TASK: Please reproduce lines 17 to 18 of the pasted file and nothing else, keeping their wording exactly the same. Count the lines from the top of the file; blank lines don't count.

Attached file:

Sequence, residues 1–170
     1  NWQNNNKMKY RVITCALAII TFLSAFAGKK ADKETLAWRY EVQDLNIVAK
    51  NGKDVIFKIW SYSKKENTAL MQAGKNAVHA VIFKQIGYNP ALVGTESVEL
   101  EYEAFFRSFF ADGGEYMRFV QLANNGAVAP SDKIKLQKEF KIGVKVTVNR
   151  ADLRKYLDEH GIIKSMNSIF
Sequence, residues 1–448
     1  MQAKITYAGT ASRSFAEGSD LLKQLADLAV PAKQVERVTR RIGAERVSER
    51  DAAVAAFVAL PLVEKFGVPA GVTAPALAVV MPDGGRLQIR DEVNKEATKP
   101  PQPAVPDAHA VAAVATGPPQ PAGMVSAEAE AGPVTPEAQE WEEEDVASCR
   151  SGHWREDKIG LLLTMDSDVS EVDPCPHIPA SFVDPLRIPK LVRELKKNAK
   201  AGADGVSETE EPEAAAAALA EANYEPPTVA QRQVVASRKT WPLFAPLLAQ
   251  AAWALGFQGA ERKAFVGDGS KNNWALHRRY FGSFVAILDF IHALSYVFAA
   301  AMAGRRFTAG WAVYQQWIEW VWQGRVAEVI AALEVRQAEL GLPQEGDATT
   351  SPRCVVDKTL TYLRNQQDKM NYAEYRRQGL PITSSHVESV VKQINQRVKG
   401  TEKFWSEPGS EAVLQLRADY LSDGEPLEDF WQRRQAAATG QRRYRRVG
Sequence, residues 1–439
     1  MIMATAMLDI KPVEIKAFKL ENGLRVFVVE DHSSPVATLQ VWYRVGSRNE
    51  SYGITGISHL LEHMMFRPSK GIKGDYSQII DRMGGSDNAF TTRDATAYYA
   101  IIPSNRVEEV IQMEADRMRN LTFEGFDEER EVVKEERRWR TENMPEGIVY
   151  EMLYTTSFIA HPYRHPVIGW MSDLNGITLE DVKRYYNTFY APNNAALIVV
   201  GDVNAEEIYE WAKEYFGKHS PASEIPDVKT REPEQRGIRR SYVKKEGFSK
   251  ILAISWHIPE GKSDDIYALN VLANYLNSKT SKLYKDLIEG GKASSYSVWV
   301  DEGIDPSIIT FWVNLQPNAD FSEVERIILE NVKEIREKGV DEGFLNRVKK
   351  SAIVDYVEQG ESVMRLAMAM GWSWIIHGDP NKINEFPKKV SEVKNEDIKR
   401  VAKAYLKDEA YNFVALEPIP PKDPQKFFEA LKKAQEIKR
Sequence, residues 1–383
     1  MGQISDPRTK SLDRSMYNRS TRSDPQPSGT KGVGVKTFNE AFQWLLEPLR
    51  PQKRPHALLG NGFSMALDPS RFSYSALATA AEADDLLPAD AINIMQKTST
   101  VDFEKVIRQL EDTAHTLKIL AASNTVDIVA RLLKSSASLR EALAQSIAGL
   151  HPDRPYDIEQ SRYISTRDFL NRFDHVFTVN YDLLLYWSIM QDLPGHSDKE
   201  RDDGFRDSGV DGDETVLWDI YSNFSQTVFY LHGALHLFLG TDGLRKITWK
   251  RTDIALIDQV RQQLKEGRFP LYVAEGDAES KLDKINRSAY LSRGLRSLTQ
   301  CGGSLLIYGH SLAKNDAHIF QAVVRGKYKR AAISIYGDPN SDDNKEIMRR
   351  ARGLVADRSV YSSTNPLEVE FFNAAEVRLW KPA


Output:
     1  MIMATAMLDI KPVEIKAFKL ENGLRVFVVE DHSSPVATLQ VWYRVGSRNE
    51  SYGITGISHL LEHMMFRPSK GIKGDYSQII DRMGGSDNAF TTRDATAYYA